One Clear Sign You Have a Rotten 401(k)—And What to Do About It

One Clear Sign You Have a Rotten 401(k)—And What to Do About It

If your 401(k) is a big deal in your retirement savings strategy, you’re not alone. According to the Investment Company Institute (ICI), more than 52 million workers participate in a 401(k) plan. That adds up to $4.7 trillion in retirement assets, making 401(k)s one of the most common sources of retirement income for U.S. workers. But plans vary from employer to employer, so not every 401(k) plan is what it’s cracked up to be. The last thing you need is to throw your retirement investing budget away in a plan that’s going nowhere. Take a look at some reasons why you might consider stopping your contributions to your employer’s 401(k), then check out our suggestions for how to keep your retirement plan on track without one. No Match? No Deal All 401(k) plans come loaded with certain benefits. First, there’s the tax deferral that helps your retirement money grow faster. Then there are the automatic contributions that make regular retirement investing a breeze. On top of that, traditional 401(k) contributions lower your taxable income, allowing you to invest more without feeling the pinch in your paycheck. But the crowning glory of any 401(k) plan is the employer match. It can take many forms, but the most common is a 50% match on the first 6% of your salary, according to a recent Vanguard report. It’s an instant and guaranteed return on your money. Awesome, right? But without an employer match, the other benefits lose their punch. In fact, if your employer doesn’t offer a match, you’re better off to skip it (as a first step) and start by investing in a Roth IRA...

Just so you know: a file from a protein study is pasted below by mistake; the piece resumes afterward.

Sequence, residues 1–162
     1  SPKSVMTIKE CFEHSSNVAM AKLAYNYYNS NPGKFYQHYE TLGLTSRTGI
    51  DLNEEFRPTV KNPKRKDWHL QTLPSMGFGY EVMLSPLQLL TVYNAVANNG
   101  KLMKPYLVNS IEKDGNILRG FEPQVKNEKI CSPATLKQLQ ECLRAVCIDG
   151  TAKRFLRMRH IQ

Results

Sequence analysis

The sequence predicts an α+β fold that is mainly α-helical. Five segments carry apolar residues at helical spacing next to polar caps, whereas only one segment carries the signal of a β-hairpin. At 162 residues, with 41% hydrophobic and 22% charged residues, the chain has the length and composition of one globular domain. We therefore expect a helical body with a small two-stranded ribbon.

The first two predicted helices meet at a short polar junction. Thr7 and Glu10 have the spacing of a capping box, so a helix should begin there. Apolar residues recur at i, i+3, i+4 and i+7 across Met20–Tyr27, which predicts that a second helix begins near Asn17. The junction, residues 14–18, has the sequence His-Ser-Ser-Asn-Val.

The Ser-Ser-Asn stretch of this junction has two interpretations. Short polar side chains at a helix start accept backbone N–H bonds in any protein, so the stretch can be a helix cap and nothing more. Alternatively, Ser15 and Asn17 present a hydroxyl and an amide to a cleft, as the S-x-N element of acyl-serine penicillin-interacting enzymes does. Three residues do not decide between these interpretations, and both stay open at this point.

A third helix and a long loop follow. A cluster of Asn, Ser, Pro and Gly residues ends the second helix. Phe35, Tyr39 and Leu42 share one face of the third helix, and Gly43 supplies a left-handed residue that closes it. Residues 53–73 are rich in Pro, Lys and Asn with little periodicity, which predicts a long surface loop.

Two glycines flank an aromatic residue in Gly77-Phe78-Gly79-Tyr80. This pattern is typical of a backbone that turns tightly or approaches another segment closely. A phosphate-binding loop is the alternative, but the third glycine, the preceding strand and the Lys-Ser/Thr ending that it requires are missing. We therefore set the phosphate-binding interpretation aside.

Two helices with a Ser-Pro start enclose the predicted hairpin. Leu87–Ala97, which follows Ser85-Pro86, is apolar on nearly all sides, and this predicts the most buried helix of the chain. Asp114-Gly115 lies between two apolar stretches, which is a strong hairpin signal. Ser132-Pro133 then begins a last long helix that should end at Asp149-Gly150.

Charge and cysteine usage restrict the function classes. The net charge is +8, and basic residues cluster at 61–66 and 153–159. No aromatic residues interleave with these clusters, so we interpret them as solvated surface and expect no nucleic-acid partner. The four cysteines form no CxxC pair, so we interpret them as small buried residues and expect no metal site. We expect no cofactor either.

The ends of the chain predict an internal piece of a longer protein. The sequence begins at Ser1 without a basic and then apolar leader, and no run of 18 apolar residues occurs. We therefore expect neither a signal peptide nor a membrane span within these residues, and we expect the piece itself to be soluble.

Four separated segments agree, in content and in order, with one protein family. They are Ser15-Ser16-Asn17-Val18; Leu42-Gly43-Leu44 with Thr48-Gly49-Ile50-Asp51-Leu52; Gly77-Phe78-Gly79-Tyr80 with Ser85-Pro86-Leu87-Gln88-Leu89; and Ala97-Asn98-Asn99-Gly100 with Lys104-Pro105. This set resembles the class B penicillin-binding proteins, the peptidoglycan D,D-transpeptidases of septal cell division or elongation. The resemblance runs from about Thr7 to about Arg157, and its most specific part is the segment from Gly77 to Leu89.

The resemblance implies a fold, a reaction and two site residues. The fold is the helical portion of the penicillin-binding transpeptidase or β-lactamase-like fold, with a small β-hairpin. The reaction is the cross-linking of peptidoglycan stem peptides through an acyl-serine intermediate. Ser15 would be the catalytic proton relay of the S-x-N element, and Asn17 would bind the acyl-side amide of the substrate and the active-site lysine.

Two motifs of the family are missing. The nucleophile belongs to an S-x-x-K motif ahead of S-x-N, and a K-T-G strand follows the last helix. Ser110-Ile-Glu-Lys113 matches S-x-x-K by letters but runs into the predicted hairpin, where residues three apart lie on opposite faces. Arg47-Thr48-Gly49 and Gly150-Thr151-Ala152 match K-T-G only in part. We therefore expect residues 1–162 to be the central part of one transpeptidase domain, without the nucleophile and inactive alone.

Draw a Line in the Snow: How to Set and Stick to Gift-Giving Boundaries

Draw a Line in the Snow: How to Set and Stick to Gift-Giving Boundaries

Blessing your children and spouse with gifts is one of the greatest joys of Christmas. But what about everyone else? Between friends, co-workers and extended family, where do you draw the line? You don’t want to leave anyone out, but you also don’t want to stretch your Christmas budget to the limit. Before you hit the packed mall and online stores this year, set some gift-buying boundaries. Figure out how much you have to spend and prioritize accordingly. And absolutely refuse to go into debt for anyone—no matter how cute they would look in that Rudolph sweater. Extended Family You thought you budgeted for every cousin, grandparent, niece and nephew. But then Aunt Mindy shows up with her new boyfriend and his two teenage sons in tow. So you swing by the store and grab some overpriced plastic junk, even though you can’t really afford it and they probably don’t want it. As your extended family changes and grows, it can get exhausting to buy gifts for 30-plus people—especially when surprise guests show up! So why not change the Christmas rules? Talk to your family about limiting individual gifts to smaller kids, and playing a fun game of Dirty Santa with the older kids and adults. (Just bring an extra gift for any unexpected visitors.) This keeps the focus on family time, rather than a carload of unwanted candles and picture frames. Casual Friends Of course you’re going to bless your closest friends with something special. But what about your Facebook friends, workout buddies or the next-door neighbors? Where do they fit in? You can’t be friends with everyone....